Real Money


Stimulus plans have strings attached to all taxpayers

“A billion here and a billion there, pretty soon you’re talking about real money.” – the late Rep. U.S. Sen. Everett M. Dirksen

Sen. Dirksen was so 20th century: The federal government’s coronavirus (COVID-19) pandemic response can be measured not in billions, but trillions. COVID-19 relief bills infused cosmically-sized amounts of borrowed money into the national economy as lifelines for individuals and businesses in the wake of government-imposed business shutdowns. 

The “free” money saved many—but not nearly all—businesses from shuttering and thrusting employees into unemployment. But nothing is free. Governmental largesse comes at a cost to taxpayers, a cost which can be inflated, manipulated, or massaged during a crisis.  As Democratic U.S. Rep. James Clyburn reportedly told a House Democrats’ conference call last March, before the first trillion-dollar COVID-19 relief bill passed Congress: “This is a tremendous opportunity to restructure things to fit our vision.” 

The multiple versions of the Health and Economic Recovery Omnibus Emergency Solutions (HEROES) Act, introduced by U.S. House Democrats as COVID-19 response legislation, are illustrative of governmental leaders responding in the manner described by the now-immortal words of President Barack Obama’s White House chief of staff Rahm Emanuel: “You never want a serious crisis to go to waste. And what I mean by that is an opportunity to do things that you think you could not do before.” 

National Public Radio reported that by mid-May, the government had pumped some $3 trillion into the economy. Then came House Democrats’ proposal for another $3 trillion (later scaled down to $2.2 trillion) HEROES Act, which demonstrates that the word “coronavirus,” when festooned throughout a spending bill, covers a multitude of fiscal sins. Tennessee 3rd District U.S. Rep. Chuck Fleischmann, a member of the powerful House Appropriations Committee, described the HEROES Act as a “panoply of ultra-left-wing initiatives which they knew would be non-starters in the Senate and (the Trump) White House.”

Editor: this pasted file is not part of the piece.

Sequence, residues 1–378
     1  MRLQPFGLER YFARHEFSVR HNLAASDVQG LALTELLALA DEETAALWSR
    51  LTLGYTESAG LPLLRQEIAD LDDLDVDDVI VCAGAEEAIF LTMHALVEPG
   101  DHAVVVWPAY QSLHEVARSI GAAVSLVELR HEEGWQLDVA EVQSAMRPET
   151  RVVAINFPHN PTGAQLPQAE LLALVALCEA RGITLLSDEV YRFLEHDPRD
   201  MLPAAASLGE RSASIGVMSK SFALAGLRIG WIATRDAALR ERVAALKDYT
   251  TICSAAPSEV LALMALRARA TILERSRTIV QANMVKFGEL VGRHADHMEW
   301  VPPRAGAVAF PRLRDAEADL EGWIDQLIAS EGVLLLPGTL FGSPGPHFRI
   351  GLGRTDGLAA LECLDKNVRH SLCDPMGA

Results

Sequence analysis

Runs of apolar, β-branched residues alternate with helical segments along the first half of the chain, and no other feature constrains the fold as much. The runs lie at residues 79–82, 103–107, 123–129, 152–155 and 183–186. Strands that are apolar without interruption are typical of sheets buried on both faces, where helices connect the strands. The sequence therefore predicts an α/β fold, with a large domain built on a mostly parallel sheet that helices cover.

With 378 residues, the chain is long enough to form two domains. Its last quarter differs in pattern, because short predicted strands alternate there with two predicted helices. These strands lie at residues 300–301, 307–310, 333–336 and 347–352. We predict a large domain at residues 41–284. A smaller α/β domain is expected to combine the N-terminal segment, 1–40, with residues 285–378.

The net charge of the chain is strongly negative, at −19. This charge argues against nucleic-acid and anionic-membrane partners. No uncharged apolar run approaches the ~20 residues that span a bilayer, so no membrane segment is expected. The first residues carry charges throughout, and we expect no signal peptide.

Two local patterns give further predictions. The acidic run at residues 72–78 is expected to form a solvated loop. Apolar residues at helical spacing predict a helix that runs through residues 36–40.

Said Fleischmann of Democrats’ objectives, “That’s the practical effect, bailing out cities and states. There’s unlimited largesse in aid to states, largely northeastern and midwestern states, that are upside-down because of their inept handling of their pension funds and high-tax structures. It’s not fair for Tennesseans, living in a fiscally sound state.”

To Fleischmann’s point, according to an analysis by USA Today, Tennessee’s public employee pension shortfall is $1.7 billion, the country’s fifth-smallest pension liability. Conversely, California has a nearly $191 billion pension deficit, the nation’s largest. Illinois, one of the first states with its hand out after the pandemic hit, is upside-down $137 billion.

One could wonder if states in the worst financial shape have a vested interest in conducting coronavirus-related economic clampdowns. More unemployed workers and shuttered-by-government-order businesses means devastated economies, and coronavirus gets the blame. This puts pressure on the federal government to shovel money in those states’ directions.  

Every dollar is ultimately the taxpayers’ responsibility. At the moment, American taxpayers are in debt for about $28 trillion. American taxpayers are forking over about $500 billion annually in interest payments on total debt outstanding – and interest payments are only growing larger. 

There are those who say tax cuts are the problem; however, the government could confiscate—not tax—the wealth of every American millionaire and billionaire and it would amount to dropping a pebble into the red-ink ocean. 

The House’s HEROES Acts contained temporary aid to classes of people illegally in the United States; money for science projects; suspension of federal student loan payments through September 2021; and 1,800 pages of other definitions, descriptions, and dollar amounts. 

“I think the vast majority of Americans would desire and expect a reasonable stimulus bill in terms of size…On the other hand, we have to be cognizant of fact that every dollar we spend is a dollar further indebted…there’s going to be a day of reckoning,” Fleischmann said.

When that day comes, someone will try to take advantage of the crisis, because that’s how it works, particularly when you’re talking real money.    

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